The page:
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The LPA Newsletter, February 2006

Dear Fellow Landlord,

This month in The LPA Newsletter, I hope you enjoy a Special Report by real estate attorney, William Bronchick, "Collecting Money Owed by a Tenant".
We've put together some new:

  • Landlord Tips
  • the latest Tenant Excuses
  • Also, the latest Quotes!

    Please e-mail us if you have any questions or would like to add or share any material / information. Have a great month.
    John Nuzzolese



    Collecting Money Owed by a Tenant

    by Attorney William Bronchick,

    Did you ever have to evict a tenant for non-payment of rent, then get stiffed for the bill? You may be able to collect what is owed to you, even years later.

    First, you need a court-ordered money judgment. If you filed for an eviction in court, you received a judgment and order of possession. The actual name of this court order may change slightly from state to state, but it's the same thing - a document signed by a judge that permits a local sheriff or constable to forcibly remove the tenants from the property.

    In most states you can also get a money judgment against the tenant, but this requires one of two things: 1) the tenant must have been personally served with the court papers or 2) the tenant must have shown up in court. If the eviction papers (the court papers, not the notice to pay rent) were posted on the door of the unit and/or mailed to the tenant, you generally do not get a money judgment from the court.

    What About Security Deposits?
    If you have a security deposit from the tenant, you can apply that against anything he owes you for back rent or damages. However, you still must comply with state law for notifying the tenant of your intent to keep the deposit.  Even if you return the security deposit, you can still sue the tenant for actual rent owed and/or damages incurred to the unit.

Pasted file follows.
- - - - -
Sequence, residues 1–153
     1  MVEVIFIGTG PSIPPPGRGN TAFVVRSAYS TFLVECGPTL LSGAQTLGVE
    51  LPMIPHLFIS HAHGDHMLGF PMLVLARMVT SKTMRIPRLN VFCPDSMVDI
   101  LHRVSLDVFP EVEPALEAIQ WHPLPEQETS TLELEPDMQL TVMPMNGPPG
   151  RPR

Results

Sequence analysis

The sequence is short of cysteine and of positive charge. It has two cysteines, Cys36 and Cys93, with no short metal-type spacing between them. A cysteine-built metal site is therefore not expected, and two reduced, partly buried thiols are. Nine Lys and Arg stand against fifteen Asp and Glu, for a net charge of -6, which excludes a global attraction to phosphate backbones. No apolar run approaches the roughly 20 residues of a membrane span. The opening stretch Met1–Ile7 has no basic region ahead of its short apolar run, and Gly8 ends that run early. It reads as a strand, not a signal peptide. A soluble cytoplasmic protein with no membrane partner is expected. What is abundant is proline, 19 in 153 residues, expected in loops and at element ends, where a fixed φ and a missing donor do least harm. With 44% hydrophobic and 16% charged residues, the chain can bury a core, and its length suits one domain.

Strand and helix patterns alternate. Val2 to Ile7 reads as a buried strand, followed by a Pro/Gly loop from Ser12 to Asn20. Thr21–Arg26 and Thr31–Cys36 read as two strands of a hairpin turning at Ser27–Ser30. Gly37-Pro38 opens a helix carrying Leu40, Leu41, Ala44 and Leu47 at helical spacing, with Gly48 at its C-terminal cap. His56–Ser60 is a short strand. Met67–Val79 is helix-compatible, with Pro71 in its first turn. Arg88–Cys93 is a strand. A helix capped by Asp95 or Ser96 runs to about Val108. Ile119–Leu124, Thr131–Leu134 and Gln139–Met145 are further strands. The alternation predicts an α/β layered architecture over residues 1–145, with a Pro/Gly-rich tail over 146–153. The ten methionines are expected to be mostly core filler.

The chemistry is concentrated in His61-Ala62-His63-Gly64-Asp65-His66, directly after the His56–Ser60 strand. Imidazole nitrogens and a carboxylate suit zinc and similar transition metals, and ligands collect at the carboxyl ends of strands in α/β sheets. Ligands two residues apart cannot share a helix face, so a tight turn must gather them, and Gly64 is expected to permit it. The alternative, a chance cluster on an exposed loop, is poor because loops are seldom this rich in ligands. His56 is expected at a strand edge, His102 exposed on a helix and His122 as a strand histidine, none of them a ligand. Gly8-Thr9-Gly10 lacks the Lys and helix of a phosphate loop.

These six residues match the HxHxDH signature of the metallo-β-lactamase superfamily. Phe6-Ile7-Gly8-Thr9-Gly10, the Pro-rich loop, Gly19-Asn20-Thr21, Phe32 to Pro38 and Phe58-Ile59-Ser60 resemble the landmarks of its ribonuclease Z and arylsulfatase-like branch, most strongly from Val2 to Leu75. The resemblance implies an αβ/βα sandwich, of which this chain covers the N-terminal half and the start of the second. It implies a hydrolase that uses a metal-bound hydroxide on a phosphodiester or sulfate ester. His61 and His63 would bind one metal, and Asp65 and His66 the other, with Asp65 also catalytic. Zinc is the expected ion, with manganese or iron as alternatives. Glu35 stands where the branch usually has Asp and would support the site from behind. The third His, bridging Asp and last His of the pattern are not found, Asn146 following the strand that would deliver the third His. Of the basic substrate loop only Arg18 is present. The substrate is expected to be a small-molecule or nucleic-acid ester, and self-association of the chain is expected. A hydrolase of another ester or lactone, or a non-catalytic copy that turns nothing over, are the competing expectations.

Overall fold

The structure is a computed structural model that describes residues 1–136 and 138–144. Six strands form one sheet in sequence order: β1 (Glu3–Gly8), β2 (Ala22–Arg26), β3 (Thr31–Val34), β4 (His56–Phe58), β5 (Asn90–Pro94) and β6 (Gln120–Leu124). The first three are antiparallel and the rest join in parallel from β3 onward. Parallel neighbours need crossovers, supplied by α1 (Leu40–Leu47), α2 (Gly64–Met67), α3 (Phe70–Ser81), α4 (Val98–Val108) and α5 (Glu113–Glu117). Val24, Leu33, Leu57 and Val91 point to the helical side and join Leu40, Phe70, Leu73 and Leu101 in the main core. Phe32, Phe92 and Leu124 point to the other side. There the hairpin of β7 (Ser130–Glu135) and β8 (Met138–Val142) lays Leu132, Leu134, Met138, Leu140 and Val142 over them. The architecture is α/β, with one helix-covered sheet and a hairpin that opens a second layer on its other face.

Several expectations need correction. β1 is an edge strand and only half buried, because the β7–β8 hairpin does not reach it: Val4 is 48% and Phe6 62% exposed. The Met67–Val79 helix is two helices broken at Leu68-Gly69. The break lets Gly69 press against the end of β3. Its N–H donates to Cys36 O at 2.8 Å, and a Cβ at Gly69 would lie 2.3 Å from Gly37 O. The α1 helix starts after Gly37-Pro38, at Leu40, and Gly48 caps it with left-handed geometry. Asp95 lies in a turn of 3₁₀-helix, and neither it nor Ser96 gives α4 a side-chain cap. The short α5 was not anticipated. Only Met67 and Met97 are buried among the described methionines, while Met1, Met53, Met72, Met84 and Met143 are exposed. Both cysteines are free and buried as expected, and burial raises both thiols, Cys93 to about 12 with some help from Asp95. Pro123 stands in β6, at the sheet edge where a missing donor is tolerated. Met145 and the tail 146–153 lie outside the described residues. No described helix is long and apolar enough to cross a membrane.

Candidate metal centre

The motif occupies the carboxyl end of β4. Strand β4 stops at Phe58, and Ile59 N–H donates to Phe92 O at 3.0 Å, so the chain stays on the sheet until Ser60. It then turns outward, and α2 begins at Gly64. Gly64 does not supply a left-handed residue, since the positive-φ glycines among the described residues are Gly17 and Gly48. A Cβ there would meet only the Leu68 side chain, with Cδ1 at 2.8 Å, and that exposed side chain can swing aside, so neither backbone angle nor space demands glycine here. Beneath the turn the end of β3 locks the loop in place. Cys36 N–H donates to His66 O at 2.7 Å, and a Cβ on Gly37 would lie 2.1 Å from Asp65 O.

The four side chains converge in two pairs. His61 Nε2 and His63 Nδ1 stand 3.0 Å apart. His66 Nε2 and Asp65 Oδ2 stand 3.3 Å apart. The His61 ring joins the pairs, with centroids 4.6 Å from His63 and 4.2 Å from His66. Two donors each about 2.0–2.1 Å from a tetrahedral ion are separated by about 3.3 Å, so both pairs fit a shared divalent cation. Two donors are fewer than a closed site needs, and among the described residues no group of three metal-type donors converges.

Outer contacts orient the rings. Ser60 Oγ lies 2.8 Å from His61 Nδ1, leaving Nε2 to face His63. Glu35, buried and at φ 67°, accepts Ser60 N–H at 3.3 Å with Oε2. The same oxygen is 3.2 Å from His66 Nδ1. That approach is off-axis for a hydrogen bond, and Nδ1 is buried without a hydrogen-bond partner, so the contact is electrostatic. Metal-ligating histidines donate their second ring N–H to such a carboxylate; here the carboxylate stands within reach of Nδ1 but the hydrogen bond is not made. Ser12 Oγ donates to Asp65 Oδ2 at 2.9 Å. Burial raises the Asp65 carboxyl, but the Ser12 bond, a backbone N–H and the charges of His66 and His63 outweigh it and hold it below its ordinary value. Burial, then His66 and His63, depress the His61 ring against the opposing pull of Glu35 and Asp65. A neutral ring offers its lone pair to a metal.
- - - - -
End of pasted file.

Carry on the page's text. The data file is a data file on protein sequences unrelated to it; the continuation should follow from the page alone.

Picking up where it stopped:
If the tenant left before the court date or you did not otherwise get a money judgment, you can always sue the tenant in your local small claims court for money owed and any damages to the property.  The process is quite simple, and does not require a lawyer.  You have to file the claim before the end of the statute of limitations, which generally ranges from three to six years, depending on which state you live in.

    Once you have a money judgment, you can collect it against all non-exempt assets of the debtor.  Certain assets, such as retirement accounts, are exempt from collection by creditors.  Also, keep in mind that assets of the debtor's spouse may be attached as well in states that recognize community property (Arizona, California, Idaho, Louisiana, Nevada, New Mexico, Texas, Washington and Wisconsin).

    Cash in bank accounts is the easiest target.  If you have a copy of a recent check from your tenant, you can file for a "levy of execution" on their bank accounts through the local sheriff (this is why it is a good practice to make copies of your tenants' checks each month to make sure you know where they are banking).

    If the tenant is working, you can garnish wages, but most states limit garnishment to 25% of the wages of the debtor.  Still, if they have a steady paycheck, you will get your money back, plus interest.  If you get a transcript and record the judgment in county records, the tenant will not be able to buy a house in that county without paying you off.  If the tenant owns other real estate in his name (not likely, but always possible), the judgment will create a lien on that property as well.